References for the Panama Fracture Zone:
Molnar, P., and Sykes, L. R., 1969, Tectonics of the Caribbean and Middle America Regions from Focal Mechanisms and Seismicity: Geological Society of America Bulletin, v. 80, p. 1639-1684.


At least one earthquake happens every three minutes across Southern California.

Weather Channel


“…….When they started their research, the earthquake catalog for the region of Southern California they studied listed 181,000 temblors recorded between 2008 and 2017. After wading through the data and scanning it through high-power computers, that number was increased to 1.8 million.

The nearly 2 million “new” earthquakes range in magnitude from negative 2.0 to 1.7……”

satellite image of southern California showing superposed fault lines

Satellite image of southern California showing superposed fault lines (image sources: (1) faults from Jennings, 1994; (2) Landsat image from Jet Propulsion Laboratory of the California Institute of Technology). [Jennings, C.W., 1994, Fault activity map of California and adjacent areas: California Division of Mines and Geology, California Geologic Data Map Series, Map No. 6, scale 1:750,000. ]

Diagram of southern California showing the San Andreas Fault as a master player in a tectonic setting that includes other faults and compressional fold belts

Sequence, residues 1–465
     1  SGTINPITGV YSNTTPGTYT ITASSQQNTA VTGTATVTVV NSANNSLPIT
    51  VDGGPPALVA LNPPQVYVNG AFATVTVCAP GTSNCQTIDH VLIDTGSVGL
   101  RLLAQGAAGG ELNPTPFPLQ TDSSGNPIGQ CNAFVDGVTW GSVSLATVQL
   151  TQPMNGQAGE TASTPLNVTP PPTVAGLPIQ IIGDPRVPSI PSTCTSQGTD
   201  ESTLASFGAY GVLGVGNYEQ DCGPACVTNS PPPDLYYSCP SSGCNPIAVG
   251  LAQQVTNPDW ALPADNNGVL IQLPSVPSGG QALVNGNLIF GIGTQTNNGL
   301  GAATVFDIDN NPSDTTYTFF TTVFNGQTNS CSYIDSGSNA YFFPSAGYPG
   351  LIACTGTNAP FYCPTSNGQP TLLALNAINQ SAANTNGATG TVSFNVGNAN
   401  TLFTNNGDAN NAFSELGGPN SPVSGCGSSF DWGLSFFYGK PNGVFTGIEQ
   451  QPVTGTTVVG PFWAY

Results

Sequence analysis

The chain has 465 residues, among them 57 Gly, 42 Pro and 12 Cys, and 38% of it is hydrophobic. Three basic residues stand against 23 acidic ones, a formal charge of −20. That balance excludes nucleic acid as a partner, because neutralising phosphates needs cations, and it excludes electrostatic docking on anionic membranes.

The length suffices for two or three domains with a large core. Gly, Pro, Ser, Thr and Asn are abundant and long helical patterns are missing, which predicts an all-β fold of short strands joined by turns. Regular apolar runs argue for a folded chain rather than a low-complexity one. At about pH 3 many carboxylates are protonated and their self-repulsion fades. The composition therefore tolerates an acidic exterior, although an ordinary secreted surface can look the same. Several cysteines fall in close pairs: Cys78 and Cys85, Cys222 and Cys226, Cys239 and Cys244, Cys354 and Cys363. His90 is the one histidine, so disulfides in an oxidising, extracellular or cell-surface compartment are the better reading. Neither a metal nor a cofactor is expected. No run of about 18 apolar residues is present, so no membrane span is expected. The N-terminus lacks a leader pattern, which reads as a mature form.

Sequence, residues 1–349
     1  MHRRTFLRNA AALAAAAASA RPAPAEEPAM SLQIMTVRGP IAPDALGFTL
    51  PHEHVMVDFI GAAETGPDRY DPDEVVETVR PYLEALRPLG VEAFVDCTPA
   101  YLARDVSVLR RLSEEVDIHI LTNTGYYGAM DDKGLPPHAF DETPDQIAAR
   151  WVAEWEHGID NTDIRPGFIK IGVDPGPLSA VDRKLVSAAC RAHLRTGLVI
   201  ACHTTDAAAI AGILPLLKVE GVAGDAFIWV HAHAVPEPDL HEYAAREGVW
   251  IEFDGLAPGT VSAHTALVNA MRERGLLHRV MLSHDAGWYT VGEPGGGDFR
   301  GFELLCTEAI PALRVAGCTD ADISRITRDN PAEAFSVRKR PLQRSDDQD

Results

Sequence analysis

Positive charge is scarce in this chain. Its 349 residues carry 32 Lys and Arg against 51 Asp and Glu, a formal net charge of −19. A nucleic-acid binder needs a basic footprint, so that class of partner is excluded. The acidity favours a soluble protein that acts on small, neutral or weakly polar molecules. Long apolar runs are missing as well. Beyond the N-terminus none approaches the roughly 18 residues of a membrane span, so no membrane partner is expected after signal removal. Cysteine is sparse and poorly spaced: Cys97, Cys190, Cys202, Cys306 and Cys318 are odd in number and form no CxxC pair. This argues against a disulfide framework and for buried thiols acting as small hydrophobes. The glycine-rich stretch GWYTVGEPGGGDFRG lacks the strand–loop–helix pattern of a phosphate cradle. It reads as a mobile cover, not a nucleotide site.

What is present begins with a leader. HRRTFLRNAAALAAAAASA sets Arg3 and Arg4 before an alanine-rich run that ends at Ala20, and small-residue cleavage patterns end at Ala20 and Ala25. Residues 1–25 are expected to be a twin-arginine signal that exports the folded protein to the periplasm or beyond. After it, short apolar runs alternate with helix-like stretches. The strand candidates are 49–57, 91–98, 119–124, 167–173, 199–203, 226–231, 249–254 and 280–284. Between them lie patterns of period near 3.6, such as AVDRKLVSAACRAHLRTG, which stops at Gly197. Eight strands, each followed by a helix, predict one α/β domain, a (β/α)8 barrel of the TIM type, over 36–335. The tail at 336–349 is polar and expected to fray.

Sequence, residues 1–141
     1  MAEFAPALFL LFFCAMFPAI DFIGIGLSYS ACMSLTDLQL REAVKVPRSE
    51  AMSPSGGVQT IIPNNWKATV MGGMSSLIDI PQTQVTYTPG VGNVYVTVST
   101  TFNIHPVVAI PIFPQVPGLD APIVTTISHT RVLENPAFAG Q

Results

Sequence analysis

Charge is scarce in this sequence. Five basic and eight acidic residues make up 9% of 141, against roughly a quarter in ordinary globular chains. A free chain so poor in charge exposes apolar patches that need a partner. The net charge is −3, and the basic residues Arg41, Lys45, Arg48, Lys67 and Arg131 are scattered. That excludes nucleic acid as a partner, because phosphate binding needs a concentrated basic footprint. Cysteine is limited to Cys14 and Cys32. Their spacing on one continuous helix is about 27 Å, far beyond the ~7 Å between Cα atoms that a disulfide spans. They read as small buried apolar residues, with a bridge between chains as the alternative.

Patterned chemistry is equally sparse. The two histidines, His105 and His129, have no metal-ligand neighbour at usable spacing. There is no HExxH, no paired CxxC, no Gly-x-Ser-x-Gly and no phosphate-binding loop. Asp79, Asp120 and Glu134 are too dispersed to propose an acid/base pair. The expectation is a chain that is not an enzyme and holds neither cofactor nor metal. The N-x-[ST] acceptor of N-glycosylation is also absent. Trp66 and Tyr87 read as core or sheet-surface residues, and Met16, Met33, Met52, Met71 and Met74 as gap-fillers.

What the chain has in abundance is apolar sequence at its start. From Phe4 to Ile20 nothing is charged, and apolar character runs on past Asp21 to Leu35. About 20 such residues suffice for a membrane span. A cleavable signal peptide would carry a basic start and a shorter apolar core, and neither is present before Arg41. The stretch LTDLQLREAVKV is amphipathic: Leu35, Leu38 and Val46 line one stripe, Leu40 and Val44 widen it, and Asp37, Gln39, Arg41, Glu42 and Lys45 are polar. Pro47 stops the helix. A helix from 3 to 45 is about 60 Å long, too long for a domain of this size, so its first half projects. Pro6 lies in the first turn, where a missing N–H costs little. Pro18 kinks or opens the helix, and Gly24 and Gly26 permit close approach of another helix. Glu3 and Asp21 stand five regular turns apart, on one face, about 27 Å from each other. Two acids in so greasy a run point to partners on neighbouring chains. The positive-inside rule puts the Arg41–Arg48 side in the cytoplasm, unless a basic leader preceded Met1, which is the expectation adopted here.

Oblique aerial photograph of the trace of a fault on the desert floor of southern California
Oblique aerial photograph of the trace of a fault on the desert floor of southern California; view looking east at the Coachella Valley trace of the Banning Fault in the northern Coachella Valley. The linear trace on the desert floor occurs where a fault plane that is vertical in the subsurface intersects the land surface. Thus, a cross-sectional view of a fault in a road cut expresses translates into a trace on the ground surface when viewed from above in this photograph. The linear is formed by scarps (topographic expression of fault movement), by vegetation concentrated along the fault trace where ground-water ponds up-slope from the fault, and by sand dunes that form where wind-blown sand is trapped by the vegetation. Photo by J.C. Matti, USGS, December, 1979.
Diagram illustrating the plate-tectonic setting of southern California Diagram illustrating the plate-tectonic setting of southern California (image source: USGS general-interest publication “This dynamic earth: the story of plate tectonics” (Kious and Tilling, 1996).

April 25, 2015: A magnitude 7.8 earthquake tore through Nepal, killing nearly 9,000 and injuring 16,800.



The Philippines: Monday and Tuesday tremors kill 11 and 30 remain trapped in rubble

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4/18/1906: At 5:13 a.m., an earthquake estimated at close to 8.0 on the Richter scale strikes San Francisco, California, and killed an estimated 3,000 people, destroyed some 30 000 buildings and created 20 000 refugees



Indonesia lifted a tsunami warning but urged people to remain vigilant and evacuate to higher ground after an earthquake of magnitude 6.8 struck off the coast of its island of Sulawesi.


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3/29/1982: The combination of an earthquake and a volcanic eruption at El Chichon in southern Mexico converts a hill into a crater, kills thousands of people and destroys acres of farmland